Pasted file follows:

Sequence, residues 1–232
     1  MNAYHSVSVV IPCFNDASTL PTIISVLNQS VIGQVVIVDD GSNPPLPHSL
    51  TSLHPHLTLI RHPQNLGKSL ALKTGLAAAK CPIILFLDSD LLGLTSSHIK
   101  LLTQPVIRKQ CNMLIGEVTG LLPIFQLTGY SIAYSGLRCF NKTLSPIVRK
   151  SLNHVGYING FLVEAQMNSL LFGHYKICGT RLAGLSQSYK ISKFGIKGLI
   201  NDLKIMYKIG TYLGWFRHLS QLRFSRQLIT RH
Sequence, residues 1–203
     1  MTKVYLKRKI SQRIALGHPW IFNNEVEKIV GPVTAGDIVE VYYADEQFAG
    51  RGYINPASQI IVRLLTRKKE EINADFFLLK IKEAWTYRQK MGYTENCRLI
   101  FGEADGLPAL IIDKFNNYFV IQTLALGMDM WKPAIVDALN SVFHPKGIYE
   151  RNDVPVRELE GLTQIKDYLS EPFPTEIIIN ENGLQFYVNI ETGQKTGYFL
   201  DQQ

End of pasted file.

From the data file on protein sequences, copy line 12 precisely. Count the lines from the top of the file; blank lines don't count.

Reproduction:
   201  DQQ